LONDON: David Haye declared he wants to face Vitali Klitschko next after his fifth round demolition of British heavyweight rival Dereck Chisora Saturday.
The former world heavyweight and light-welterweight world champion managed to do what Vitali failed to do in the last defense of his World Boxing Council heavyweight title in February: stop Chisora.
Haye, 31, lost a version of the world title to Vitali’s younger brother Wladimir a year ago and was criticized for his passive performance and post-fight excuse of a broken toe.
But Haye felt an amount of redemption after twice leaving Chisora slumped on the canvas at Upton Park, the home of West Ham football club, from left hooks and hopes it will earn him another crack at a Klitschko.
Wladimir insists he is not interested in a rematch with Haye for the moment.
Vitali was linked with a defence against Haye earlier this year.
But WBC champion Vitali’s next challenger on Sept. 10 is Germany-based Syrian Manuel Charr, who gate-crashed the Haye-Chisora post-fight press conference to announce he would be prepared to fight Haye once he beats the WBC champion.
Haye, however, expects Vitali to prevail and hopes to face the Ukrainian later this year or in 2013.
“I held a version of the world heavyweight championship and I would like to regain a version of the world heavyweight championship,” Haye told a news conference.
“If Vitali beats this gentleman [Charr] I would love to challenge him for his title. If it’s not meant to be, so be it.
“If this was my last performance, I have gone out with a bang and everyone is happy. After a performance like that and him getting on, if you were one of his advisers you wouldn’t tell Vitali to fight me.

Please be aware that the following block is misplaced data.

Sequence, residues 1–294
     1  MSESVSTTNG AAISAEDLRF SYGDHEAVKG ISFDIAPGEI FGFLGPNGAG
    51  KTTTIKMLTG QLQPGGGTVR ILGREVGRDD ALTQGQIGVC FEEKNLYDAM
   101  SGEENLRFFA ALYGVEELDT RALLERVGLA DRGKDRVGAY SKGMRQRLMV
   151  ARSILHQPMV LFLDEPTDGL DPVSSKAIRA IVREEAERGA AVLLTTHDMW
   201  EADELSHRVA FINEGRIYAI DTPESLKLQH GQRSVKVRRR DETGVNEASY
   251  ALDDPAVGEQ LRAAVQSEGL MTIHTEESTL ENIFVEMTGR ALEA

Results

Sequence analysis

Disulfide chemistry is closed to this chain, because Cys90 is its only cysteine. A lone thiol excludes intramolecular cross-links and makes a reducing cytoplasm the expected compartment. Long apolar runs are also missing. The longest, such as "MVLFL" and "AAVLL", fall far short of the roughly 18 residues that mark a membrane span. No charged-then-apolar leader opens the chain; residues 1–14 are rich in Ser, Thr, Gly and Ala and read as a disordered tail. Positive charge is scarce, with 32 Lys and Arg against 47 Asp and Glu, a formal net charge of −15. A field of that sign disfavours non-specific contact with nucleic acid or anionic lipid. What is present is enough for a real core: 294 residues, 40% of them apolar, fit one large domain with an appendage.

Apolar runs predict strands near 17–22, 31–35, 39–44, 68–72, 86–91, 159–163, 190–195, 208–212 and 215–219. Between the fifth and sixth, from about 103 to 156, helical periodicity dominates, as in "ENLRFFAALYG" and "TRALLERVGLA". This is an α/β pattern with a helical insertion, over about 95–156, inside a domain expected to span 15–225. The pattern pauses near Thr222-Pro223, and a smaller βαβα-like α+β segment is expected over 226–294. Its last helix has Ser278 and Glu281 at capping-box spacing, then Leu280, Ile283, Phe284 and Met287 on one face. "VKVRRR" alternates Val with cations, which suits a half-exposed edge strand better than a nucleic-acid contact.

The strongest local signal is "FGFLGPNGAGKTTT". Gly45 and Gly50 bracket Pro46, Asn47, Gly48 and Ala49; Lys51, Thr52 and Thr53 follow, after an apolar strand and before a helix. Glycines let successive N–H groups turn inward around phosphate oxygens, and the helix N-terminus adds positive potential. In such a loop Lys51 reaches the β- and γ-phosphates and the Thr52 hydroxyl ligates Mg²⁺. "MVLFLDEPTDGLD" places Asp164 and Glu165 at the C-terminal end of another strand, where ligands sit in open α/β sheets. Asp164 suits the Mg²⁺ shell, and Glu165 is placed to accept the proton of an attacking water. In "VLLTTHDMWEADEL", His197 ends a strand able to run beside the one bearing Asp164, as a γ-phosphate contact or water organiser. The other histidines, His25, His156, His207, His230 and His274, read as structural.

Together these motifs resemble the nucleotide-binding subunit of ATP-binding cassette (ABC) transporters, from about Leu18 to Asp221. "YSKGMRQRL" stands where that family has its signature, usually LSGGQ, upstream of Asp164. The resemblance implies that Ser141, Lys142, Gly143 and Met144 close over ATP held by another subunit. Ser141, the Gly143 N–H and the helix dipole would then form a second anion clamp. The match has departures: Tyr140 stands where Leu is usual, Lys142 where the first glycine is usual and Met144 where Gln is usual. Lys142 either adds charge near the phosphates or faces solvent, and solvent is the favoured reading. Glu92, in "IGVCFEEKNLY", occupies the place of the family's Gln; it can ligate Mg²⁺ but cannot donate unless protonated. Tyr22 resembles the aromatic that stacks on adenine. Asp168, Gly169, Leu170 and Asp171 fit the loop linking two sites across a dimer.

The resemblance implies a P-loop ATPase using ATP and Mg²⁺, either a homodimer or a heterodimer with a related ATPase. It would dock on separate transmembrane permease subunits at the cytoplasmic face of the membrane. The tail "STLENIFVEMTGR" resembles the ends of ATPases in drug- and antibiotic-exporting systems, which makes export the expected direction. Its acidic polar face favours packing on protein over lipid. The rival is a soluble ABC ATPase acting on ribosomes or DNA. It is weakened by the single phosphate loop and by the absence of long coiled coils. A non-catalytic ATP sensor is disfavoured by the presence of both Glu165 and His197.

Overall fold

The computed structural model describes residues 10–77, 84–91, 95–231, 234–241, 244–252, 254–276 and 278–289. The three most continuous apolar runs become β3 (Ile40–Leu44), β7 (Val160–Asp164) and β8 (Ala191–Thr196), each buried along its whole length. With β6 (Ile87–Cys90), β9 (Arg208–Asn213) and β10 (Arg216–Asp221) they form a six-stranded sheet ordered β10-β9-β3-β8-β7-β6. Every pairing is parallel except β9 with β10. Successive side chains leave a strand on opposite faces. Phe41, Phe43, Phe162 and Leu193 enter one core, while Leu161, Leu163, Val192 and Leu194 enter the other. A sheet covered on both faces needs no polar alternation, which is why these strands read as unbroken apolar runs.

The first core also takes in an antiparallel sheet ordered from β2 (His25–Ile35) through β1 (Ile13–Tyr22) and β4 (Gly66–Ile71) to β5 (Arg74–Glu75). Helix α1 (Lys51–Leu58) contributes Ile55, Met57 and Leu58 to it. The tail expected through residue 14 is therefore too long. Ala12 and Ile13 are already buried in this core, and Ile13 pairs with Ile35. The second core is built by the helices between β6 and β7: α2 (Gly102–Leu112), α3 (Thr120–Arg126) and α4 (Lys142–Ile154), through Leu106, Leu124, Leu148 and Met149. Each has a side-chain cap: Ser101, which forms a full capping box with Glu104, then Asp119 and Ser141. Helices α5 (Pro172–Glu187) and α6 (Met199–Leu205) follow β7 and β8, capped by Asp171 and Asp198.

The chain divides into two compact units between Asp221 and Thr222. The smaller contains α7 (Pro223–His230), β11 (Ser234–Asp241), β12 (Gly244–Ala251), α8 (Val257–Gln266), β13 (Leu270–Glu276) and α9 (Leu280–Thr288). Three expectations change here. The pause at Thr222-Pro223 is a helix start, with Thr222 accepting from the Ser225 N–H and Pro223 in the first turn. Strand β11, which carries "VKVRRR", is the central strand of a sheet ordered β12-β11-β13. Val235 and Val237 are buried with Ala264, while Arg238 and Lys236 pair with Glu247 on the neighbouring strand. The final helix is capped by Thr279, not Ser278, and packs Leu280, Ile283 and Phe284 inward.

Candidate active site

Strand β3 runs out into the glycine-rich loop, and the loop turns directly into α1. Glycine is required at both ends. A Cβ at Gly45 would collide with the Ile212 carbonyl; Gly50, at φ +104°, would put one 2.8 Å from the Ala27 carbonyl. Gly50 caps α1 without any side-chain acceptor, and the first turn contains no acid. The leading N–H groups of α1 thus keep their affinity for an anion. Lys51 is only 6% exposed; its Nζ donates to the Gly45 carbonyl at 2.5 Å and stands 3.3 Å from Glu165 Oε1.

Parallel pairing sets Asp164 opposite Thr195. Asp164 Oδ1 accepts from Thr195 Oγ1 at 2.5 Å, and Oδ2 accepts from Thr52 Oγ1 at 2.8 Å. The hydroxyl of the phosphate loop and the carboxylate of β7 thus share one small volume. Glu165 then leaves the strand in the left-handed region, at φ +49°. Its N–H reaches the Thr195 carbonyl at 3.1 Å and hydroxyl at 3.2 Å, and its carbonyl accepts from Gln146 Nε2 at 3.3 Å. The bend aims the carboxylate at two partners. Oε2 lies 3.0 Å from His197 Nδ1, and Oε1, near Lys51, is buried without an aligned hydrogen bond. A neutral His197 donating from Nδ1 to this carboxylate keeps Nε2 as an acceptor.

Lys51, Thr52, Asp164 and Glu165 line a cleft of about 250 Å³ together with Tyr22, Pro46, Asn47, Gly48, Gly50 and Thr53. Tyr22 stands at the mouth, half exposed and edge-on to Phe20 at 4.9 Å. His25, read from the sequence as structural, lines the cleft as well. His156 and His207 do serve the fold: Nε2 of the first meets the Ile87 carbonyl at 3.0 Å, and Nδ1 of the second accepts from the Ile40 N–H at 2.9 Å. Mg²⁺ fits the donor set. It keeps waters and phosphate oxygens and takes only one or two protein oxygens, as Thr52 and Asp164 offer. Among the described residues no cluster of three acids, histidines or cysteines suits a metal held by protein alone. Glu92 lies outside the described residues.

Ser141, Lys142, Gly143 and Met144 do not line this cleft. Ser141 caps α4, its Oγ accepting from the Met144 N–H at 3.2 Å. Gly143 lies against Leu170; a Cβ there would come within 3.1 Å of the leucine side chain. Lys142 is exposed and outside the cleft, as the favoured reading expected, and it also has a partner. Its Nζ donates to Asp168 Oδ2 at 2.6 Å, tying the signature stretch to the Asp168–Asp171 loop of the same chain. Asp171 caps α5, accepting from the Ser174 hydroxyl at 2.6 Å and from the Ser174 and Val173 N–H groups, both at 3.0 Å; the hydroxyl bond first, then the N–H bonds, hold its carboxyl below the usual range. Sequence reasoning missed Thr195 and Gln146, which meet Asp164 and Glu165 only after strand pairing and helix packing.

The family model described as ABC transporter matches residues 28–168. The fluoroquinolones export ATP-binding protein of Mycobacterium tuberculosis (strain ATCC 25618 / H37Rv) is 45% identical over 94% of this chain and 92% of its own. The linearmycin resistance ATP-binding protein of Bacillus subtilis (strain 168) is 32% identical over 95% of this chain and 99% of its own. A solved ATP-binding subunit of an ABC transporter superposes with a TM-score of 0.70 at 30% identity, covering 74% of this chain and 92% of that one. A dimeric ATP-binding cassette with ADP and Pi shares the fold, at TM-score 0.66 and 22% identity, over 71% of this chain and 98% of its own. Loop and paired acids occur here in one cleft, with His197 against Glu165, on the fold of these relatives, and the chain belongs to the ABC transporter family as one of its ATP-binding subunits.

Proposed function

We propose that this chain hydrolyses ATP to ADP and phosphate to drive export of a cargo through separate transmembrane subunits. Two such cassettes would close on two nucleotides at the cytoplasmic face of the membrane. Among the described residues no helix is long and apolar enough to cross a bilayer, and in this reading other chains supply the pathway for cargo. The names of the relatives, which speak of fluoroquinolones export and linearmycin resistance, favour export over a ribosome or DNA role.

“I’ve proved my punching power against someone who pushed Vitali to the wire. It was a measuring stick to show how I performed against his last opponent. I would be very confident of beating Vitali.”
Vitali, 40, may well retire after facing Charr to pursue a full-time political career, which would leave Haye trying to convince Wladimir, 36, to give him a rematch.
Haye’s rediscovered his knockout power – he has stopped 24 of 25 opponents – against Chisora and was well ahead on all three scorecards at the time of the stoppage, with one judge scoring it 40-36 and the other two seeing it 39-37.
But Haye had to take some shots from Chisora, who kept marching forward until he was caught by a brilliant left hook in the fifth round. Another quick right sent Chisora stumbling backward onto the canvas.
He got to his feet at the count of seven but after a ferocious onslaught, he was left open and Haye seized his chance with a left hook to the jaw.
Meanwhile, Britain’s Amir Khan should think about retirement following his defeat by Danny Garcia, according to his world champion compatriot Carl Froch.
Khan was stopped in just the fourth round by Garcia in Las Vegas Saturday, and suffered three knockdowns in total, as the American added the World Boxing Association light-welterweight title to the World Boxing Council belt he already held in a dramatic unification bout.
It was Englishman Khan’s second straight defeat following his controversial loss to Lamont Peterson, with the American failing a subsequent drug test – and third of his career following an earlier reverse at the hands of Breidis Prescott.
Froch, the current International Boxing Federation super-middleweight champion, said Sunday he would quit if he was in the same position as Khan.
“I would retire if that happened to me,” Froch told BBC Radio 5 Live’s Sportsweek program. “Why? Because I am not in this sport to get beaten, knocked out, or outclassed.
“I’ve lost twice, I lost a very, very close points decision to one of the best pound-for-pound fighters in the world in Andre Ward and I’ve come back and beaten an unbeaten fighter, Lucian Bute, the very next time so I’m world champion,” he said.
“If I had lost to Lucian Bute I would probably have retired, because I am in this game to be at the very top and stay at the top. I’m not in this game to make up the numbers.
“It’s a personal decision whether or not you retire, but to get stopped in the fourth round and to be previously knocked out, it’s just very, very damaging,” Froch insisted.